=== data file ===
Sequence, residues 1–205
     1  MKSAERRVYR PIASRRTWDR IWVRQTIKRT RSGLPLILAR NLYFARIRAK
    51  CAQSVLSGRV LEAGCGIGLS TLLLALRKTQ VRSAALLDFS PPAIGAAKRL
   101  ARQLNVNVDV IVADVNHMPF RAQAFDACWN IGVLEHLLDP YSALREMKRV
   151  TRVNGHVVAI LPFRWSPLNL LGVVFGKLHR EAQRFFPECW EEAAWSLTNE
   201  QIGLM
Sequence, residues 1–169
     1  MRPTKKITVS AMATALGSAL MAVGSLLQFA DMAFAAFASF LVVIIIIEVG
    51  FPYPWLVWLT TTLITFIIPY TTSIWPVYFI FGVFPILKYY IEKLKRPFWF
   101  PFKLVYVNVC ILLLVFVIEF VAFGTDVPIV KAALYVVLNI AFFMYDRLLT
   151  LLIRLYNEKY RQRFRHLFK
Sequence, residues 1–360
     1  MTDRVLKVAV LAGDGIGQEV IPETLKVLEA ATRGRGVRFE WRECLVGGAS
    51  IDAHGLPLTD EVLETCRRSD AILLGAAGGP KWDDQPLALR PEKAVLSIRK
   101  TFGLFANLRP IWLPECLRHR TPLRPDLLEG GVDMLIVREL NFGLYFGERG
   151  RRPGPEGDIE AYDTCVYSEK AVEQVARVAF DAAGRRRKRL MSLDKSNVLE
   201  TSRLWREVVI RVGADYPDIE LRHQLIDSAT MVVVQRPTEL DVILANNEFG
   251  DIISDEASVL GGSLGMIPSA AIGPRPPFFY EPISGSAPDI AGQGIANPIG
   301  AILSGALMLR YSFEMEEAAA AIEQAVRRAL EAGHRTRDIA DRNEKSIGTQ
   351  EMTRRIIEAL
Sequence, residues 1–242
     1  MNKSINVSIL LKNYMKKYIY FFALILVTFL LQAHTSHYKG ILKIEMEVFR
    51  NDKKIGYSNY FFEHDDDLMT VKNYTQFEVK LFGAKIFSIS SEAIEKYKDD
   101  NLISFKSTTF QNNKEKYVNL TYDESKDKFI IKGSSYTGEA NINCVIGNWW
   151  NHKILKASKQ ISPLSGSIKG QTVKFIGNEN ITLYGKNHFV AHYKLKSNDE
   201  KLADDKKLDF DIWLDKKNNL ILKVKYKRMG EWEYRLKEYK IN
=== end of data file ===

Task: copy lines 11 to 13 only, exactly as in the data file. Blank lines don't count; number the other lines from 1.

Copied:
   151  LLIRLYNEKY RQRFRHLFK
Sequence, residues 1–360
     1  MTDRVLKVAV LAGDGIGQEV IPETLKVLEA ATRGRGVRFE WRECLVGGAS